April 26, 2024
Research Highlight

Heavy Metal Complexation with Ionic Liquids Enables Efficient Electrochemical Separation from Aqueous Solution

The formation of highly reducible lead/ionic liquid complexes opens new opportunities to efficiently separate heavy toxic metals

Mockup of heavy metal complexation process in aqueous solution.

The complexation of metals with ionic liquids reduces the energy gap between the highest occupied and lowest unoccupied molecular orbitals, forming more reducible structures for energy-efficient electrochemical separations.

(Image by Venky Prabhakaran | Pacific Northwest National Laboratory)

The Science

Understanding the behavior of and interactions between ions and molecules in solution is essential for effective separations. Researchers studied how imidazolium-based ionic liquids (ILs) combine with lead cations in both the gas phase and solution. They found that the lead and ILs formed complexes differently in solution than in the gas phase. The presence of hydrogen bonding from water affected the electrostatics of the bonds between the lead and chloride ions and the IL, resulting in different more reducible and separatable complexes. This work provides insight into how solvents change the fundamental interactions between molecules and control the final complexes that form.

The Impact

The practical decontamination of industrial wastewater and recovery of critical materials depend on the ability to rationally design energy-efficient separation processes. By developing a better understanding of how greener molecules, such as ILs, interact with elements of interest, researchers may devise more effective separation schemes. This understanding is particularly important for separations based on electric fields, where tuning the properties of complexes has a substantial effect on the efficiency and selectivity of the separation process.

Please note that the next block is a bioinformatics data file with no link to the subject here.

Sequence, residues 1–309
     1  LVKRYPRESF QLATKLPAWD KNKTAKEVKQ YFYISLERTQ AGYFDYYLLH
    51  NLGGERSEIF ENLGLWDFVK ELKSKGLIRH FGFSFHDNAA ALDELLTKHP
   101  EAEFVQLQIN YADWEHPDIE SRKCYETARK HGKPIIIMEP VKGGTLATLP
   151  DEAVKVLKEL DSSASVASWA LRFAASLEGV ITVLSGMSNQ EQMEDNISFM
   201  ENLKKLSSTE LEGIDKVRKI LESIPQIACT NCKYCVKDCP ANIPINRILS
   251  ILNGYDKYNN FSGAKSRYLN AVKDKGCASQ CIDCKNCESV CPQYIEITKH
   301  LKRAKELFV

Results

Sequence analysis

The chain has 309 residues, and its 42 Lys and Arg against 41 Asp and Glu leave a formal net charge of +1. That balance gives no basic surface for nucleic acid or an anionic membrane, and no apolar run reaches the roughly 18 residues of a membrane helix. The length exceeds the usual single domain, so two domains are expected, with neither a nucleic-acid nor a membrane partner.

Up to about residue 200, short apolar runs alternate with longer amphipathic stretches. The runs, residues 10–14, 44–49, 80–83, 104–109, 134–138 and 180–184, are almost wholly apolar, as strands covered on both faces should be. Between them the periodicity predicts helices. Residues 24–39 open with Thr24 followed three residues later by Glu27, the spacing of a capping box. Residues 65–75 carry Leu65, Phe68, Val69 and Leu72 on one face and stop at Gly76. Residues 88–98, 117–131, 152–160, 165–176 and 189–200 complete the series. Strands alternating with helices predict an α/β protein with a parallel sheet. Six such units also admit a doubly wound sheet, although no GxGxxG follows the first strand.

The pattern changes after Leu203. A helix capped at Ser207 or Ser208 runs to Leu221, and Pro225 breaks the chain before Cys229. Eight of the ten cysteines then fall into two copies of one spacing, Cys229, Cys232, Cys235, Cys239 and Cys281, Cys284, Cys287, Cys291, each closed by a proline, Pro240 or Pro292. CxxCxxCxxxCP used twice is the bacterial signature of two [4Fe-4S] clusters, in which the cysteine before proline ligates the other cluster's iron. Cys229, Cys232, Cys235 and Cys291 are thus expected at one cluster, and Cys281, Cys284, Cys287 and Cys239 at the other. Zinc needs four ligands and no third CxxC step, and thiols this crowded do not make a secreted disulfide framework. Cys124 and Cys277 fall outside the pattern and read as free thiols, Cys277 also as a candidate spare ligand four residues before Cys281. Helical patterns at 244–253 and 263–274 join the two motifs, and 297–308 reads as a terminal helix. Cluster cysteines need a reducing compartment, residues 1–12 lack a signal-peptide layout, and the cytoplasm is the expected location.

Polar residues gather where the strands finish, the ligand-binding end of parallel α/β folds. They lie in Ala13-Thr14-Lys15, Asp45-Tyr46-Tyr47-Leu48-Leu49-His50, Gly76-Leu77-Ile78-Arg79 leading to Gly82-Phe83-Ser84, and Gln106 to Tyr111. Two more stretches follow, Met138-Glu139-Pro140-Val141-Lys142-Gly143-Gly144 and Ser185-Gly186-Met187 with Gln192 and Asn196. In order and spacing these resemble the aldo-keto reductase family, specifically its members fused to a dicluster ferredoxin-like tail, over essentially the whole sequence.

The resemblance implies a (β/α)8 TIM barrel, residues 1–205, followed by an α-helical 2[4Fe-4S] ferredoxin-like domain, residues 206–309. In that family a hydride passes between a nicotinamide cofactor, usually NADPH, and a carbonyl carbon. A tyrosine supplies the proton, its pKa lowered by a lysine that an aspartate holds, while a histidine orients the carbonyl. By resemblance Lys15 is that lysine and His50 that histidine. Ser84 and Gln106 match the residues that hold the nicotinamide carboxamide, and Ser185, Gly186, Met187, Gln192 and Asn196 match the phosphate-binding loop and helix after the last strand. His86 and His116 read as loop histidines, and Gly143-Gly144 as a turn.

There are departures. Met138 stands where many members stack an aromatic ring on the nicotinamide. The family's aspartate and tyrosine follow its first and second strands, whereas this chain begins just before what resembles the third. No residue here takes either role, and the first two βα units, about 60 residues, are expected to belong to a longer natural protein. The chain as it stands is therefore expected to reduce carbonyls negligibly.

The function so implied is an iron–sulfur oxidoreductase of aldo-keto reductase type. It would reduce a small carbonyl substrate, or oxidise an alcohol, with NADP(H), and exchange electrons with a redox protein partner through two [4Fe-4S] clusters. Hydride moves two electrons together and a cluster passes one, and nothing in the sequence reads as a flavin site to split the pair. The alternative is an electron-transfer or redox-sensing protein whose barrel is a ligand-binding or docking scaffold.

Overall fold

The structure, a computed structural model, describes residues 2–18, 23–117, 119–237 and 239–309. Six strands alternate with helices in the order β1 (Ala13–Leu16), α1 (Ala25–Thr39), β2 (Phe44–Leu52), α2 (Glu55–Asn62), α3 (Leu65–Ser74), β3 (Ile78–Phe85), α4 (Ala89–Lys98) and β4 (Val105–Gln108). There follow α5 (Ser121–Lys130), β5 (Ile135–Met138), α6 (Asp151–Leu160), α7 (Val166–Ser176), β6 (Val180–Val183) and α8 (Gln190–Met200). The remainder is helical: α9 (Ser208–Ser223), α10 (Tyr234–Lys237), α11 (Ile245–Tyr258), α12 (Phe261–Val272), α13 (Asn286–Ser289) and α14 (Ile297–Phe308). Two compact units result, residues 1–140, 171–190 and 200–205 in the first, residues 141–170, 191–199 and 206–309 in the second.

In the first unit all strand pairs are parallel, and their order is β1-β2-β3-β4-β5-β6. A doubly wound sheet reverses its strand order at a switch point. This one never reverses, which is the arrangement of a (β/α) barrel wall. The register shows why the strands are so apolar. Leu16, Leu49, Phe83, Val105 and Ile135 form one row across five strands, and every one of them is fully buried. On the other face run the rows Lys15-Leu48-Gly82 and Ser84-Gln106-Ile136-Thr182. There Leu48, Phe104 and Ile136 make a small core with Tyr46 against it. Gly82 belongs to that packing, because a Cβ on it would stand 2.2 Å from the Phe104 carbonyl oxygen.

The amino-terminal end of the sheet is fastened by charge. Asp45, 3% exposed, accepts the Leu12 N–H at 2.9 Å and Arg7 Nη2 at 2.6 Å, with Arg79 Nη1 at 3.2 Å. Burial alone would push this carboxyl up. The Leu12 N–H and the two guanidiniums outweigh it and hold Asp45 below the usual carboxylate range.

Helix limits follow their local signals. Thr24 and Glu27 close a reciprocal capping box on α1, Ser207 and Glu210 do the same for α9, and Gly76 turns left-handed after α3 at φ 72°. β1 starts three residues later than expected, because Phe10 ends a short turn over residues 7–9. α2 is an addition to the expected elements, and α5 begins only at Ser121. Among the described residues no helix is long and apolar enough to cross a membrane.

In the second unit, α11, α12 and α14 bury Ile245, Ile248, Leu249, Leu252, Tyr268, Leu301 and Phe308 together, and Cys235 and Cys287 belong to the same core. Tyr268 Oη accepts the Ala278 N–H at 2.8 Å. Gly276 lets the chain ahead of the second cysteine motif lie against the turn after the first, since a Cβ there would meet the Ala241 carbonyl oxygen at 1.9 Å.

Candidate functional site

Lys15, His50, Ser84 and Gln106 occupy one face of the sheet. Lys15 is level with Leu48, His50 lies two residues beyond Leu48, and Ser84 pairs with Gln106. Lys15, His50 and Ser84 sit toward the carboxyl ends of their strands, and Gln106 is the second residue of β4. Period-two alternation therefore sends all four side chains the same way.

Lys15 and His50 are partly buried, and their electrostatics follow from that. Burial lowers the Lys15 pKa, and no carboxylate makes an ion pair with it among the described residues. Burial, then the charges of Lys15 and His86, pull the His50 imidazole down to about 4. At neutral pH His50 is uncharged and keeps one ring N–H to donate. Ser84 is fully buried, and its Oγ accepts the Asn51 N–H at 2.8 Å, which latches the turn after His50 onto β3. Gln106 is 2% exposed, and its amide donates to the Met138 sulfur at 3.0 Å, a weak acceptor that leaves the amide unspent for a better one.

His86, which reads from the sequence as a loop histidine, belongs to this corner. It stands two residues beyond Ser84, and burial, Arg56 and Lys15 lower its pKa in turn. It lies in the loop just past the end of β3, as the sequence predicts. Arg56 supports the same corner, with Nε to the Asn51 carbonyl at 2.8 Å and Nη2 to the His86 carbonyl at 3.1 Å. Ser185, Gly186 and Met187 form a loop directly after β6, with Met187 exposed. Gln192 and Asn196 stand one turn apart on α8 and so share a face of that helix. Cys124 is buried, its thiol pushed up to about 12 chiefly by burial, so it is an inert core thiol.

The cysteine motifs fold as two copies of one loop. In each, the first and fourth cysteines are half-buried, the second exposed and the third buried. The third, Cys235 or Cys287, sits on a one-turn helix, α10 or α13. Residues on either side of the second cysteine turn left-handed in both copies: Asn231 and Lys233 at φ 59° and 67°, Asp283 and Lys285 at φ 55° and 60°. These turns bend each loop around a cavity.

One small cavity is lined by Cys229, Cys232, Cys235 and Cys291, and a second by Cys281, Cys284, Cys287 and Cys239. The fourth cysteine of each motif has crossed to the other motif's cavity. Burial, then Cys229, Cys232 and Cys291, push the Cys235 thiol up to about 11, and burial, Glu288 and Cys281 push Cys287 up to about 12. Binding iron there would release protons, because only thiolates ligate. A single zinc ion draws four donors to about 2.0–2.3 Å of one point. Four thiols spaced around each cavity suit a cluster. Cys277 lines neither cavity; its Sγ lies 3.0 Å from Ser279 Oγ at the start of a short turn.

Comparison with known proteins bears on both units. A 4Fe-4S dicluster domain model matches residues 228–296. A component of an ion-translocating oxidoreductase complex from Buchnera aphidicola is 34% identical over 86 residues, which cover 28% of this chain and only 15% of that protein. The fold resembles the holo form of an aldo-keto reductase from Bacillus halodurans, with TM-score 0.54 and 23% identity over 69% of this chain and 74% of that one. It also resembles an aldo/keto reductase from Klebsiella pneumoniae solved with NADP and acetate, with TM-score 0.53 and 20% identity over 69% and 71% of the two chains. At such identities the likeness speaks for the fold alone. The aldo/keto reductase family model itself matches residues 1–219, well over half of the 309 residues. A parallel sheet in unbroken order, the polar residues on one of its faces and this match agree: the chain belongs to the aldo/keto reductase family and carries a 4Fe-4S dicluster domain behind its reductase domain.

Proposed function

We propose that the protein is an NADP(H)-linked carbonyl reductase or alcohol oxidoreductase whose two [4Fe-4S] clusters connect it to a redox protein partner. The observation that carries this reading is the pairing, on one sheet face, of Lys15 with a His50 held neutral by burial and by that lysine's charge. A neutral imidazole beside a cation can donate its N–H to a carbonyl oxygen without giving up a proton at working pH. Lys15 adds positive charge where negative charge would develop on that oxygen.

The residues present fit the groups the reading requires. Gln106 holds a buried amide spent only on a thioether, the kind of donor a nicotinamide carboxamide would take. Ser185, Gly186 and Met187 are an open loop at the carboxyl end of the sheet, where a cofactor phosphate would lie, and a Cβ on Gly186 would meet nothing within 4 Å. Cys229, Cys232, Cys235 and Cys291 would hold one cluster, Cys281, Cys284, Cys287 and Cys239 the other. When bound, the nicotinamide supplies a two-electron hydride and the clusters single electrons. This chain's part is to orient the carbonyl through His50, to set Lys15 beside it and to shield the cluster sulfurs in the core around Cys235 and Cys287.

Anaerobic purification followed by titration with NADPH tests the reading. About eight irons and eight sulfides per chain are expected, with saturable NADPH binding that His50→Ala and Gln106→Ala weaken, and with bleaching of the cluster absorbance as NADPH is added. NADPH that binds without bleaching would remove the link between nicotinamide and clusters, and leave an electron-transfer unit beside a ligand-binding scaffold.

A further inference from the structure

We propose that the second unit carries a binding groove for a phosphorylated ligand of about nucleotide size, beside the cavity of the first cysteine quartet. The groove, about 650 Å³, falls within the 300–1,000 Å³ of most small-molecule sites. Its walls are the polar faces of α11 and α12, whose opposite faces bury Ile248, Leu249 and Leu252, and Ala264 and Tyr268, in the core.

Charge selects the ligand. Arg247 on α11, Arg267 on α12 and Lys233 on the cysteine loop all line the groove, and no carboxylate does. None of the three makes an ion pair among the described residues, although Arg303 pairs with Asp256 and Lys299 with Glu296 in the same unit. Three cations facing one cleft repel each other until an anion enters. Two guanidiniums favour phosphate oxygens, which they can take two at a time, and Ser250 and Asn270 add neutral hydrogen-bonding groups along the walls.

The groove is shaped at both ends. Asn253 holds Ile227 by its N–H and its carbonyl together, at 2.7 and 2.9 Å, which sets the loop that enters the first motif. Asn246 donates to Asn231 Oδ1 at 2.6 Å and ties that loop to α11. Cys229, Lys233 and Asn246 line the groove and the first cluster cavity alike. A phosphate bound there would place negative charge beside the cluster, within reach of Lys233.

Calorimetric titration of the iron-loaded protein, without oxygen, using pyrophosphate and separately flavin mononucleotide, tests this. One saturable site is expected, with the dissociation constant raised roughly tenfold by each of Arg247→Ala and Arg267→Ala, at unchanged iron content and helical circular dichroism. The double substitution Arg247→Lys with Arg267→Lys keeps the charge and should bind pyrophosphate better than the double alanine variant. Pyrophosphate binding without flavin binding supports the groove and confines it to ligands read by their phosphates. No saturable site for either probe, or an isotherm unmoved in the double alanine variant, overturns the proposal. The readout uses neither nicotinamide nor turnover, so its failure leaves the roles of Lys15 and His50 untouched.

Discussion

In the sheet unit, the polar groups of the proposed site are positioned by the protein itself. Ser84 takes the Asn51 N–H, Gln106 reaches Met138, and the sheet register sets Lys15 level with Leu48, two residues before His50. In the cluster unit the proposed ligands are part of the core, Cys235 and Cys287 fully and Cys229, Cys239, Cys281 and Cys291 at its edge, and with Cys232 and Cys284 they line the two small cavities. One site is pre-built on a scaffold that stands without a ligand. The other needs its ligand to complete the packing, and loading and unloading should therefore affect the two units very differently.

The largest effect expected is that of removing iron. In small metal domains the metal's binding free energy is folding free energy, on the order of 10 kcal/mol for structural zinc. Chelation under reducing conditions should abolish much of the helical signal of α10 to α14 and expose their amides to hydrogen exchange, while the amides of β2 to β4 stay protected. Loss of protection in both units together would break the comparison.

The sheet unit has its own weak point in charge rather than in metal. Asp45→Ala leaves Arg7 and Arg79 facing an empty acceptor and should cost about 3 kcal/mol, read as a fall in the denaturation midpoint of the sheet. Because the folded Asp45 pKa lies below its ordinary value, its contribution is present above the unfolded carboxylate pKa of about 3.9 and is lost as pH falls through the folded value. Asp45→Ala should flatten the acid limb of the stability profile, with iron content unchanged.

ILs are exciting for applications in separations and other fields due to their ability to trap targeted molecules as well as their highly tunable chemical and physical properties. Pristine ILs have been explored to selectively form complexes with different heavy metal ions and rare-earth elements, but their application in practical separations remains limited as most feed streams are aqueous. Researchers explored the possibility of using ionic liquids as co-solvents or diluents for aqueous solutions. They studied the electronic and geometric properties of complexes formed between imidazolium-based ILs and lead cations in both gas- and aqueous-phase environments. They found that redistribution of the hydrogen bonding between the IL cations and anions in the presence of solvating water molecules leads to increased electrostatic screening of bonds between lead and chloride. In water, this screening results in the formation of complexes different from those observed in the gas phase, providing important insight into the role of solvent in controlling molecular interactions and speciation.


Venky Prabhakaran, Pacific Northwest National Laboratory, venky@pnnl.gov

Grant Johnson, Pacific Northwest National Laboratory, grant.johnson@pnnl.gov

Manh-Thuong Nguyen, Pacific Northwest National Laboratory, manhthuong.nguyen@pnnl.gov


This work was supported by the Department of Energy (DOE), Office of Science, Basic Energy Sciences program, Chemical Sciences, Geosciences, and Biosciences Division, FWP 81462 (Harnessing Confinement Effects, Stimuli, and Reactive Intermediates in Separations). The negative ion photoelectron spectroscopy work was supported by DOE, Office of Science, Basic Energy Sciences program, Division of Chemical Sciences, Geosciences, and Biosciences, Condensed Phase and Interfacial Molecular Science program, FWP 16248. Pacific Northwest National Laboratory (PNNL) is a multiprogram national laboratory operated by Battelle for the DOE under Contract DE-AC05-76RL01830. Computer resources were provided by Research Computing at PNNL, and the National Energy Research Scientific Computing Center (NERSC), a DOE Office of Science user facility operated under Contract No. DE-AC02-05CH11231.

Published: April 26, 2024

Tan, S.; Zhang, D.; Chen, Y.; Helfrecht, B. A.; Baxter, E. T.; Cao, W.; Wang, X.-B.; Nguyen, M.-T.; Johnson, G. E.; Prabhakaran, V. “Complexation of heavy metal cations with imidazolium ionic liquids lowers their reduction energy: implications for electrochemical separations,” Green Chemistry 26, 1566-1576 (2024). [DOI: 10.1039/D3GC03713D].